Tag Archives: small businesses

BMI Elite Buys Employee A New Car, Then Takes Staff to Bahamas

There’s never a dull moment around here at BMI Elite.  We’re back in the news once again, this time for surprising one of our longest and most deserving employees with a brand new 2013 Ford Escape for his 52nd birthday last week.  We’ve been on the front page of the Sun Sentinel’s money section, on the homepage of MSNnow, and many other news channels including CBS12, CNN and WPBF.

Chris Ninos has been BMI’s chief financial officer for the last two years and is one of the most loyal, honest, trustworthy and hardworking employees that our CEO Brandon Rosen has ever met.

“Chris will call me up at midnight, at 5:00 a.m., and on holidays just to talk about business,” said Brandon.  “He’s one of the hardest workers I know.”

Chris has been driving an old 1998 green Ford Escort for the last 11 or 12 years, and recently it’s been giving him lots of trouble.  Even though everyone around the office has been telling him to trade it in and get something new, Chris was determined to ride it until it died.  So last week, a few days before Chris’ birthday, Brandon and BMI’s president, Dan Lansman, decided to surprise him with the new Escape as a way to thank him for all that he does for the company.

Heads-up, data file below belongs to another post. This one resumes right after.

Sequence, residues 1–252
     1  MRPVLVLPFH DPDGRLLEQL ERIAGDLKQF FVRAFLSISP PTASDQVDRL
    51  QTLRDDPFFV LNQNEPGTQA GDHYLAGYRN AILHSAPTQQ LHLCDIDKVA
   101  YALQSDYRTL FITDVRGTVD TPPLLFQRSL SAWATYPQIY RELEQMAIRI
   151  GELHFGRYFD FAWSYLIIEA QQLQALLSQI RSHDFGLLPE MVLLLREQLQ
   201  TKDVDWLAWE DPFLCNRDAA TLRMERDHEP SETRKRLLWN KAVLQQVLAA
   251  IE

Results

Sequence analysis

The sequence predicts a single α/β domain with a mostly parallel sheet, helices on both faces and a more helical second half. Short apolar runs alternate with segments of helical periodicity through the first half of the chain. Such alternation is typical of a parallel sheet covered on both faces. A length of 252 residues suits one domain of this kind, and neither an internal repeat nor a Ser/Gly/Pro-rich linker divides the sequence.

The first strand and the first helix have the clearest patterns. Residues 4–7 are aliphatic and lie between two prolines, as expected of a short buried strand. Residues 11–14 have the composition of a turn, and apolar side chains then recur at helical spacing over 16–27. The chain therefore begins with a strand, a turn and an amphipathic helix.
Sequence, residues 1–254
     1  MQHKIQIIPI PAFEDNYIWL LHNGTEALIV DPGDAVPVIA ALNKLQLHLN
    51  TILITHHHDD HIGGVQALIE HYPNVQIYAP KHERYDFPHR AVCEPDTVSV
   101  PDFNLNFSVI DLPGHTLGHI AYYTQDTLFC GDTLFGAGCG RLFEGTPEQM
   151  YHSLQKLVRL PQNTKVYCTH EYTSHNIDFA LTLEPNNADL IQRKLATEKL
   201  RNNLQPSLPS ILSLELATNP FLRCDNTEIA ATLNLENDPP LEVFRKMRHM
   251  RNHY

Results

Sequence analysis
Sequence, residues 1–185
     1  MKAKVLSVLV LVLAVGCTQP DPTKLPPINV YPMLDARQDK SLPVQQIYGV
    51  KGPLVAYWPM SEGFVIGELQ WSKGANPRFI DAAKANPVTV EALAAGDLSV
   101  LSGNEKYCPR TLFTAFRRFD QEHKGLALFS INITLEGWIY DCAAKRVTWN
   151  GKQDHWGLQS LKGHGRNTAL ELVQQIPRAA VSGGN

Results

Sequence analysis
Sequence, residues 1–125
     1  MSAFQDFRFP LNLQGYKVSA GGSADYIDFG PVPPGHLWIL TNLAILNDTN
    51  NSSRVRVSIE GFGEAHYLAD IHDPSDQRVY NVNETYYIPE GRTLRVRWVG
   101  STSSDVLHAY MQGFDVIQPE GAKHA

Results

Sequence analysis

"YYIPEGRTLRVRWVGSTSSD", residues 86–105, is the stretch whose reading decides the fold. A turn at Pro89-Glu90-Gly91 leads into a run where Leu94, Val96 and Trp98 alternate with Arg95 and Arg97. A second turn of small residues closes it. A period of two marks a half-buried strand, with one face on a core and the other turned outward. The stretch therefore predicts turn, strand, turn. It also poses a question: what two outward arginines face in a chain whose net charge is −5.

Chris was told by some co-workers that they were taking him out to lunch to celebrate his birthday.  They said they needed to make a stop at the Maroone Ford dealership, and when they arrived at the showroom, Ninos was surprised with a new 2013 Ford Escape filled with balloons.

Before this all happened, BMI contacted the media to capture the moment as well.  Not only did Chris get a new car, but he also got the celebrity treatment for a few days.

If that wasn’t enough, BMI Elite is taking its entire staff on a cruise to the Bahamas this weekend for our holiday party.  I am excited and I feel lucky to be working at a company that is doing so well.  In less than two years, BMI has grown from two employees to 55 and next month, we are moving from a 4,500 sq. foot office to one that is over 21,000 sq. feet.  There are lots of big things to come!

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Hey Marketers, Don’t Overlook Halloween!